- in Science
Could one of the few upsides to the current health crisis be that a generation of young people acquire new digital skills?
On this week’s Tech Tent podcast, we hear how parents are using the lockdown to get children interested in coding.
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Take Ruth Moore and her sons Reuben and Jonah, aged eight and five.
Stuck at home in Oxford and looking to vary the boys’ diet of schoolwork, Ruth – who, full disclosure, is my wife’s niece – started thinking about introducing the boys to coding.
“Probably behind it was the thought that these are languages that it makes so much sense to know,” she says.
“And I know so little of it myself. I can do tiny little bits of HTML and very, very simple things. But I never learned anything like this systematically.”
HTML – short for Hypertext Markup Language – is the language that powers websites.
Ruth looked online for help and found plenty of inspiration.
Science Puppies to the rescue
“It’s just amazing to see the number of places that are really keen to help kids get a sense of what coding means and what they can do with it, and engage with it in a really playful way.”
Ruth started with code.org, a US campaign to get children there coding. It offers all sorts of resources to anyone looking to get started.
Reuben and Jonah had a look at the options and immediately picked a game called Puppy Adventures.
“A pup gets lost and then he finds lots of stuff,” Reuben explains. Along the way, simple coding concepts are introduced. I ask what he thinks about the whole idea.
“I liked it quite a bit,” he says. “And I’d like to do it again some more.”
Indeed, Ruth found she was pushing at an open door, and the two boys have now moved on to other coding exercises.
Once again, these involve games and assembling visual blocks of code – very different from the slightly daunting text-based experience that would have been many people’s introduction to coding thirty years ago.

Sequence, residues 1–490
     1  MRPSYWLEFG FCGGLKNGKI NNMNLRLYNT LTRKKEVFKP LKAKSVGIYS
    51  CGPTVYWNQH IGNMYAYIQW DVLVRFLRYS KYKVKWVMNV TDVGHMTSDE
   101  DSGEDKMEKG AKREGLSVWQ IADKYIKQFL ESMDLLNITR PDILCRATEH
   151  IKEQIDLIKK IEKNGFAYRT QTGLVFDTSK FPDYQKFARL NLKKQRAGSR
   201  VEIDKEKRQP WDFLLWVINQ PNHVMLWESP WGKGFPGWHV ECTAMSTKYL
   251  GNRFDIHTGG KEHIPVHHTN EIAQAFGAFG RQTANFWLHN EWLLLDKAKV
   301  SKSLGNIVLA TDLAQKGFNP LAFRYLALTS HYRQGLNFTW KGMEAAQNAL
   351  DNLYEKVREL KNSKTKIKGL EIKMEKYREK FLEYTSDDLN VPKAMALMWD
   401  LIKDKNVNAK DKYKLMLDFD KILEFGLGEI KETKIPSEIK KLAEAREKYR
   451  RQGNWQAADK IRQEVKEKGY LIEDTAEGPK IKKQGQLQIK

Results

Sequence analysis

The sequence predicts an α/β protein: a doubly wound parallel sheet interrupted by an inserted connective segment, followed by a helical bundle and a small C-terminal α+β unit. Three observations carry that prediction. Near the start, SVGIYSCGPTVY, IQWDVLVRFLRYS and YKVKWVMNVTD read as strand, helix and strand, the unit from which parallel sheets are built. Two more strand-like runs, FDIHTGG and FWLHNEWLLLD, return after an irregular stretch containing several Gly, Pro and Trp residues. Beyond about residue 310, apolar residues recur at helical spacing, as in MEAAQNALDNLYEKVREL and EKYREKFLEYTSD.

Ruth says her sons are finding their way through the exercises themselves and she has to stop herself from interfering too much.
“One of the things I found quite interesting was my adult brain was going: ‘No! That’s not the cleanest way of doing it. Look, you’re not using that block.'”
But she has learned to let them get on with it. The experience has even revived her own interest in coding.
“I can definitely see myself venturing on to sites like this in the evenings, just to have a bit of fun. It’s satisfying to see what you’ve put into place acted out in the animations,” she says.
And the Moores are not alone.
I tweeted, asking whether people had been learning to code or teaching their children. There were dozens of responses offering advice.
Here is just a sample of what is on offer.
A good starting point might be Puppy Adventure, enjoyed by Reuben and Jonah.
There were several recommendations for the simple visual programming language Scratch, which could be a good place to get young children started.
After Scratch, many move on to Python, with free courses available online from Code Academy.
The UK’s hugely successful Raspberry Pi project has been enjoying near-record sales over the last month. The project has plenty of coding ideas on its blog.
“People wanting to try something a bit different could give a BBC MicroBit a go,” another told me. “They have lots of nice interactive things (lights, buttons and sensors), and can be programmed from a tablet.”
Tech giant Microsoft offers a website full of project ideas for the MicroBit.
UK-based site Code Today has weekly online coding courses aimed at children.
Plenty of inspiring ideas there.
And over the coming weeks, Tech Tent will be looking at other new hobbies people are exploring while locked down at home – and how technology can help.